Predator-prey role reversal as bug eats turtle

May 27, 2011 by Deborah Braconnier report
Image credit: Shin-ya OHBA

In a recent journal published in Entomological Science, Dr. Shin-ya Ohba shares the unusual behavior and role reversal of a giant water bug becoming the predator and eating a juvenile turtle in a ditch in central Japan. While this Kirkaldyia deyrolli, or giant water bug, from the Lethocerinae family has been seen preying on small vertebrates such as frogs and fish, Ohba has captured images of the bug eating small turtles and snakes.

The K. Deyrolli is a native bug from Japan and is listed by the Japanese Environment Agency as an . They live primarily in the rice fields throughout Japan and feed on small and fish. These bugs can grow up to 15cm long and inflict a venomous bite. They have been known to occasionally bite humans, causing a burning pain that lasts for several hours.

Ohba was conducting a night sampling in the central Japan region of western Hyogo when he recorded images of the giant water bug feeding on a small Reeve’s pond turtle. The insect used its front legs to hold on to the turtle while it inserted its rostrum into the prey in order to feed. While the bugs are known for only attacking moving prey, Ohba assumes that the bug caught and killed the turtle before he stumbled upon it.

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More information: Field observation of predation on a turtle by a giant water bug, Entomological Science, DOI: 10.1111/j.1479-8298.2011.00450.x

The giant water bug, subfamily Lethocerinae, which has the largest body size among Belostomatidae, is known to be a vertebrate specialist that preys upon fish, amphibians and snakes. However, there have been no reports concerning predation on a turtle by Lethocerinae. Here, I report that a male giant water bug Kirkaldyia (Lethocerus) deyrolli (Heteroptera: Belostomatidae) (58.09 mm in total length) was catching hold of a turtle Chinemys reevesii (34.14 mm in carapace length) in a ditch adjoining a paddy rice field. This is a first report of K. deyrolli eating a turtle.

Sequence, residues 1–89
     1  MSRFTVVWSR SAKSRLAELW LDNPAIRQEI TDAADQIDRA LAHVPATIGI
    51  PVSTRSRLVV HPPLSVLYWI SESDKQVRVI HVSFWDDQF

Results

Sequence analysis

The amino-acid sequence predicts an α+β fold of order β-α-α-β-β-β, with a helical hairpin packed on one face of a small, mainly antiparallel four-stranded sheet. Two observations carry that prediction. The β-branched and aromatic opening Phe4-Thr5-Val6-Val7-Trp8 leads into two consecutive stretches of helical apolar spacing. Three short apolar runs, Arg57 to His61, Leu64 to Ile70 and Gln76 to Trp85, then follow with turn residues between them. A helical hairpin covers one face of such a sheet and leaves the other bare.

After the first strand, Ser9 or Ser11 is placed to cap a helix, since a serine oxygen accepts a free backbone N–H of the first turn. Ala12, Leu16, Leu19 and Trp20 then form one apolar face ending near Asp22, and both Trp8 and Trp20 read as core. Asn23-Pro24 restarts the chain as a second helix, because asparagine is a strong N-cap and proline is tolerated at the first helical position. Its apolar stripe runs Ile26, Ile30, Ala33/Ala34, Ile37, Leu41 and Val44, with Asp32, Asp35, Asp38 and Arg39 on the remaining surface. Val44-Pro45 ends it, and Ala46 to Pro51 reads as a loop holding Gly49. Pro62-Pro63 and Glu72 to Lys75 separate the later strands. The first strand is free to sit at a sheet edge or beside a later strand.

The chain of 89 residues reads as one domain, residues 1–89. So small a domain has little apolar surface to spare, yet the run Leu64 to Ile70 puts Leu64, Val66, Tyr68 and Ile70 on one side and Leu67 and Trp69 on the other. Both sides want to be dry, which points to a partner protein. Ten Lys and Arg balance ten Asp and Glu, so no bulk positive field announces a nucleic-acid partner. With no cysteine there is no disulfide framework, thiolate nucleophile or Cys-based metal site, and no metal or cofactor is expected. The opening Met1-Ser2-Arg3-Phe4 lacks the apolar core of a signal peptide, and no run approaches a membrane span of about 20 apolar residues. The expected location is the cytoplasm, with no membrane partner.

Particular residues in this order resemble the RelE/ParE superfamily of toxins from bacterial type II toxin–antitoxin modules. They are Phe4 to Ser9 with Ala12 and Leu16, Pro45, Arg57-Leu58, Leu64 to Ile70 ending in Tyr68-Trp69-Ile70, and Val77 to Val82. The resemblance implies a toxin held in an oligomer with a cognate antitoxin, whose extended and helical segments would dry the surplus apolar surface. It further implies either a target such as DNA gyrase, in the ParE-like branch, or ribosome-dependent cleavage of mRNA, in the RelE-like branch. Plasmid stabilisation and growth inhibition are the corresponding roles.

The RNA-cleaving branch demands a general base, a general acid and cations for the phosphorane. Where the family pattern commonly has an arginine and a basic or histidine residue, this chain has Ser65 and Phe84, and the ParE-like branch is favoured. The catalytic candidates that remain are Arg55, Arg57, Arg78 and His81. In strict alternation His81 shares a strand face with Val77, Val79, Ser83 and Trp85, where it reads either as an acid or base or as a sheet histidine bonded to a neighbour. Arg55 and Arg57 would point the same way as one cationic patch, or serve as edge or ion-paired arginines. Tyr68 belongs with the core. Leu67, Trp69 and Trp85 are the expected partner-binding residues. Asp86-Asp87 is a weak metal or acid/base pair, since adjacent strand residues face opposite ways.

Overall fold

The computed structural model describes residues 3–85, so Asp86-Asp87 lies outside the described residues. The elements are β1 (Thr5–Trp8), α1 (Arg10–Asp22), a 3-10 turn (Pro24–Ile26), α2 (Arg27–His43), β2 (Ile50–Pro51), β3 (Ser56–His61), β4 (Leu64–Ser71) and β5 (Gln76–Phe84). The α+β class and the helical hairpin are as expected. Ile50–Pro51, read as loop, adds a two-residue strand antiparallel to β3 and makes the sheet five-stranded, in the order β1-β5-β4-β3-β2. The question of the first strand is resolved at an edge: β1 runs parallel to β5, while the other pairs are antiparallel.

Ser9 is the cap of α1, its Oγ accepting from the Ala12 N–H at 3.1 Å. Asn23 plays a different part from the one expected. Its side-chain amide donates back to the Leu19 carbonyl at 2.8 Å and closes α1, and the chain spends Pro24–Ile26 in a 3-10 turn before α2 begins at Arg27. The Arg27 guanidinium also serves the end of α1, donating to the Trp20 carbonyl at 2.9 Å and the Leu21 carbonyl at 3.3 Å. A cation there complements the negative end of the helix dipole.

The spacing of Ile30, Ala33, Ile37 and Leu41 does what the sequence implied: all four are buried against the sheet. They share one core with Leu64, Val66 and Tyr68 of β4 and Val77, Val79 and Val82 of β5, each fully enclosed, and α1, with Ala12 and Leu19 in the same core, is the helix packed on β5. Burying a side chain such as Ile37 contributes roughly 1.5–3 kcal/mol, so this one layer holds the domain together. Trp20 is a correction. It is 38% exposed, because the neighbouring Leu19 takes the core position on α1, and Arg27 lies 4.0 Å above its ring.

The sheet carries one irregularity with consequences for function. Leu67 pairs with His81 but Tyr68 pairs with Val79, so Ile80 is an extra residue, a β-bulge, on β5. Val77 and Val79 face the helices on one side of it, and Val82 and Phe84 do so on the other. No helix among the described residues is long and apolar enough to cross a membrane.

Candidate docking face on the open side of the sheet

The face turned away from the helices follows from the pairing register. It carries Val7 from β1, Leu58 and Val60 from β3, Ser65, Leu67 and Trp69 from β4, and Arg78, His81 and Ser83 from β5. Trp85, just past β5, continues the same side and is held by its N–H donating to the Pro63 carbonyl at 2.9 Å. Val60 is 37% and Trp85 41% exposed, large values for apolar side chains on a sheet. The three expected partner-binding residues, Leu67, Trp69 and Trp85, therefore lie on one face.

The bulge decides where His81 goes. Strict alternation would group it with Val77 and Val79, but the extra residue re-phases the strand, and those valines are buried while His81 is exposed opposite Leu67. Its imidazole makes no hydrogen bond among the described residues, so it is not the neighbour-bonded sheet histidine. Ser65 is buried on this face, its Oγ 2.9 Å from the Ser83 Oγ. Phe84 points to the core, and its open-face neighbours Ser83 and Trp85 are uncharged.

via BBC

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5 / 5 (2) May 27, 2011
I would seriously have to stamp on that thing (probably why they're endangered).
not rated yet May 27, 2011
So the water bug in the pictures is 5.8cm and eating a turtle. I wonder what the 15cm ones eat?
not rated yet May 27, 2011
Holy cow! If I ever see that thing I'm taking a hammer to it!
5 / 5 (1) May 27, 2011
mutations from radiation?
not rated yet May 27, 2011
"mutations from radiation?"

LOL......just like poor Blinky: http://blog.times...inky.gif
not rated yet May 28, 2011
I don't know, it could have been scavenging a recently dead turtle, inspite of the fact that they are only KNOWN to attack moving prey. I say this, because that's what was always said about spiders - they detect vibrations in their web, etc. However, a while ago, tried carefully inserting a recently deceased fly into a spider's web (with the spider "at home" and waiting to see what happened. Sure enough, after a few hours, I came back to find the spider eating the fly's body. It is surely possble that this bug also scavenges, if it is hungry enough, anyway.
not rated yet May 28, 2011
The big problem for an insect "indulging" in scavenging is that their eyes are basically motion detectors, so they have difficulty seeig stationary objects. However, a combination of sight and smell might enable it to detect a dead body.
not rated yet May 28, 2011
On the subject of invertebrate scavenging, another observation I made (this time by chance) is of a slug appearing to be eating the body of another slug, that I happened to have killed the previous night. On closer observation, it turned out to be eating the dead slug's stomach contents.
not rated yet May 31, 2011
A bit late, I know, but the most likely explanation for this image is that the turtle had fallen into the ditch and, if it was not already dead, was only able to flap its flippers helplessly. The bug would have seen the movement and spotted the easy meal. Thus, it only put the little thing out of its misery, most likely.

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